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Posted

Mr. Fromm offers you some very sound advice. In most of the states that I've bothered to check, convicted felons are disqualified by statute from serving as the personal representatives of estates. Even if mom did nominate her son, it's pretty unlikely that a Court would appoint him -- not because the job requires personal and physical attention, but because of his status as a convict.

This does not, however, have much bearing on mom's ability to pass along her property to her son at her death. A trust might be a useful tool, as it could install a fiduciary to see to the immediate hands-on needs of the house (maintenance, rental, etc.) for the period of time that the son remains incarcerated. But a trust is not necessarily the only or best option. If mom is as determined as she sounds, it's worth a couple of hours of an estate planner's time to sit down and receive some practical and experienced advice.

This answer does not constitute legal advice. I am admitted to practice law in the State of Texas only, and make no attempt to opine on matters of law that are not relevant to Texas. This answer is based on general principles of law that may or may not relate to your specific situation, and is for promotional purposes only. You should never rely on this answer alone and nothing in these communications creates an attorney-client relationship.

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Posted

Both answers are typically excellent. If the imprisonment is a temporary thing, it may not matter. If the Son is a felon, or in for a long time, he will not be appointed Executor. That does not mean he cannot get the assets under Mom's estate. Depending, again, on how long he is locked up, a Trust may work and it can be a Testamentary Trust, one set up by the terms of her Will. If she is concerned that he have THAT house, that is one thing but if she just wants him to have her assets generally, the house can be sold and the money held for the Son on his release as well. She needs to see an attorney though.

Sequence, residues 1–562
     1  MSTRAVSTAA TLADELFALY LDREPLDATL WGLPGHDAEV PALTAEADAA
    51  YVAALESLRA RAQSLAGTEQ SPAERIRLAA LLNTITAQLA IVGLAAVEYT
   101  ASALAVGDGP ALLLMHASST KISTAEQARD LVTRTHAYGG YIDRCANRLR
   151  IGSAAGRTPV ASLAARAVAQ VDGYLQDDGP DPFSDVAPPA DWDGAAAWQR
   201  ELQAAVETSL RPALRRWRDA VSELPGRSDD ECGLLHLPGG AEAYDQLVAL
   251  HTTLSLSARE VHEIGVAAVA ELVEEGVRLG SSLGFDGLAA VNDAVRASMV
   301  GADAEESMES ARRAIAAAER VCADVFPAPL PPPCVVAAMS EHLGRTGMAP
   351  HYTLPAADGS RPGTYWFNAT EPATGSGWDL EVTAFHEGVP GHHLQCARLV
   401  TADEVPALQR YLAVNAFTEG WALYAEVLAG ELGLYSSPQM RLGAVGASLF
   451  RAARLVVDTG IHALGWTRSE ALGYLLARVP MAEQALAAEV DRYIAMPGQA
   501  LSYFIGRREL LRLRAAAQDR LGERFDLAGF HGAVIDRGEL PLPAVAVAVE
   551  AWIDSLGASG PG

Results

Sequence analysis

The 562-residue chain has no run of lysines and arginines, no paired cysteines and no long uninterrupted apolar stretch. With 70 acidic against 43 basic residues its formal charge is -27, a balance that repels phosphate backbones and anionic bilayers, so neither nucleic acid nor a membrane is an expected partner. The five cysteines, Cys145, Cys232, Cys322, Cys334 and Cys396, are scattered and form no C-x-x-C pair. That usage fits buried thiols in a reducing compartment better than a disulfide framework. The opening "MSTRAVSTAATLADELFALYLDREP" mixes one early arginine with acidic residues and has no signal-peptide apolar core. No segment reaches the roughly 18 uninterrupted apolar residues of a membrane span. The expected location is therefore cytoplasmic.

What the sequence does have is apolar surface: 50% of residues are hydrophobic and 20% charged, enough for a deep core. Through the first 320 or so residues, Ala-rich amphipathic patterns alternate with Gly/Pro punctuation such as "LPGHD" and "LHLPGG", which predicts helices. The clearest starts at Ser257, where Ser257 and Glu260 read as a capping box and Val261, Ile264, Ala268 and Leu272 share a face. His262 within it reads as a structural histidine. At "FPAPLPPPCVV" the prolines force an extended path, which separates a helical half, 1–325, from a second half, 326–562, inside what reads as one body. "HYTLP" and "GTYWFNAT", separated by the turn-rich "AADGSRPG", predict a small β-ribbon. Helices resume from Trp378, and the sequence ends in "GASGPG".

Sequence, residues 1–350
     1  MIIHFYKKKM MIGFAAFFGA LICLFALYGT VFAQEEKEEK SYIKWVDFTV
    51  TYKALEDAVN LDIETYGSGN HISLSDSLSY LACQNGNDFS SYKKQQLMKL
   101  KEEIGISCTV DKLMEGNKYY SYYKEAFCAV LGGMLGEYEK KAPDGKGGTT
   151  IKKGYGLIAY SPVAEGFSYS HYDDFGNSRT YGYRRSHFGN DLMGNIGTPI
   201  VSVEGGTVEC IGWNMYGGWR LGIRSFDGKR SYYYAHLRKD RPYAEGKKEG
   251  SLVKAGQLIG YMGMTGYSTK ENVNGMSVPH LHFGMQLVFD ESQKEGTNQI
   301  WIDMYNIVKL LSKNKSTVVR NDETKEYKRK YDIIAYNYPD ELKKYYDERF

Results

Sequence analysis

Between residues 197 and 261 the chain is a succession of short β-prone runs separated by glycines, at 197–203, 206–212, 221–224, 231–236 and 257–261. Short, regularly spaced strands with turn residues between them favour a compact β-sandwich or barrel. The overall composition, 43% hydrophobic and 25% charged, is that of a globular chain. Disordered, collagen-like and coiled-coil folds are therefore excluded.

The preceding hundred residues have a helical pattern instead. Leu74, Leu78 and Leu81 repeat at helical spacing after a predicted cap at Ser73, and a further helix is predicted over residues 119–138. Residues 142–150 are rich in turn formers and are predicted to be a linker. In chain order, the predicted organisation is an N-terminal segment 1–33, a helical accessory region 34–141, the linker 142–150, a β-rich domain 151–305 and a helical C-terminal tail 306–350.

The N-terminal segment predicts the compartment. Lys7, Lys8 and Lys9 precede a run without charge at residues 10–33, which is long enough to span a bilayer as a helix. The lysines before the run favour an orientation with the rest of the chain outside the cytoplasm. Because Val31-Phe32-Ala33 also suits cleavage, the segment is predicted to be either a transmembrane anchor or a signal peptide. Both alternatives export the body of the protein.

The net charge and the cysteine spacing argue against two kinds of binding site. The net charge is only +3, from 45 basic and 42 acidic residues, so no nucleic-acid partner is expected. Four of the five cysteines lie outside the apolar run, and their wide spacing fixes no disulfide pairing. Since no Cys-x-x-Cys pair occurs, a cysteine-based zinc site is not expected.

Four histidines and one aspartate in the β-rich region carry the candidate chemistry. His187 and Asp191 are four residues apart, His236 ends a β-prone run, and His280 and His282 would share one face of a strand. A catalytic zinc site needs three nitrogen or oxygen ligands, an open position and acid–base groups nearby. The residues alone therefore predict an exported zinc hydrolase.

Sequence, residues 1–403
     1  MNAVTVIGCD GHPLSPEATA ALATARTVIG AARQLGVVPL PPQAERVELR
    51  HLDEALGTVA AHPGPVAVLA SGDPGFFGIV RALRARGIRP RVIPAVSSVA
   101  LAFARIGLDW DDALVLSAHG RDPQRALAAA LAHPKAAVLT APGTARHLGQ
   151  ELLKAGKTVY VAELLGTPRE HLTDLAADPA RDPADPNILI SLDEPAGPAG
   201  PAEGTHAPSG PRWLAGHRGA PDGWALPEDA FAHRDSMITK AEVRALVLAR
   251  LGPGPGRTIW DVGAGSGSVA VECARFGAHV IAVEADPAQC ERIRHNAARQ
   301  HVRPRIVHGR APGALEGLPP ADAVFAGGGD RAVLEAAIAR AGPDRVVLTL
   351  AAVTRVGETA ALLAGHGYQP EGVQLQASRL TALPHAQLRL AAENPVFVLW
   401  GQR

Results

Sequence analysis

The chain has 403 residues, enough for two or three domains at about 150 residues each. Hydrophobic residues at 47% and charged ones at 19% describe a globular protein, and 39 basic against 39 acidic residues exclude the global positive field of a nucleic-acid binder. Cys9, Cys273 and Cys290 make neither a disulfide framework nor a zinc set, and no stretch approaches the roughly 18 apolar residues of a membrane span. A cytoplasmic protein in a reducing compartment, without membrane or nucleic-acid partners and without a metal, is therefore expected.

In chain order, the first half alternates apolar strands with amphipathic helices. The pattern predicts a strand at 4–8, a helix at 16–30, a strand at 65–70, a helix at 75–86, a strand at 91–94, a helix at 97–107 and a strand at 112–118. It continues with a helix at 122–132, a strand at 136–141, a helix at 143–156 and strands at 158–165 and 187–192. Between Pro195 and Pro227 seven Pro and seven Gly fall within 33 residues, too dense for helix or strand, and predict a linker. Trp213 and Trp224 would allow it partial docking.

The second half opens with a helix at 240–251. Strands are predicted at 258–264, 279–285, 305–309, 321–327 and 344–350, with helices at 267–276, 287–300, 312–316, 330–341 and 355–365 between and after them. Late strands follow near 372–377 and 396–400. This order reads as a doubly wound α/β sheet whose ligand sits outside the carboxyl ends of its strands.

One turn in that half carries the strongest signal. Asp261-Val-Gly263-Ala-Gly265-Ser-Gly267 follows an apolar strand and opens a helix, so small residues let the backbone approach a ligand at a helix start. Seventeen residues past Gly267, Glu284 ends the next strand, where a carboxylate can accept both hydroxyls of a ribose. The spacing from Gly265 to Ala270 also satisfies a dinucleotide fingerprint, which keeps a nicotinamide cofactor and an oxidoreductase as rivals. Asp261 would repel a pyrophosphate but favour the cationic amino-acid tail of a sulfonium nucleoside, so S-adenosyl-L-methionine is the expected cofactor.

Use the AVVO.com web site to find an attorney in your area. In addition to that, contact your local bar association for referral to an attorney who specializes in this or talk to friends and neighbors to ask about an attorney they have used and liked. Often, but not always, the attorney will do an initial consultation free of charge. You will then be in a better position to determine what to do next. Best of luck to you!

If you liked this answer, click on the thumbs up! Thanks. Eliz. C. A. Johnson Post Office Box 8 Danville, California 94526-0008 Legal disclaimer: I do not practice law in any state but California. As such, any responses to posted inquiries, such as the one above, are limited to a general understanding of law in California and not to any other jurisdiction. In addition, no response to any posted inquiry should be deemed to constitute legal advice, nor to constitute the existence of an attorney/client or other contractual or fiduciary relationship, inasmuch as legal advice can only be provided in circumstances in which the attorney is able to ask questions of the person seeking legal advice and to thus gather appropriate information.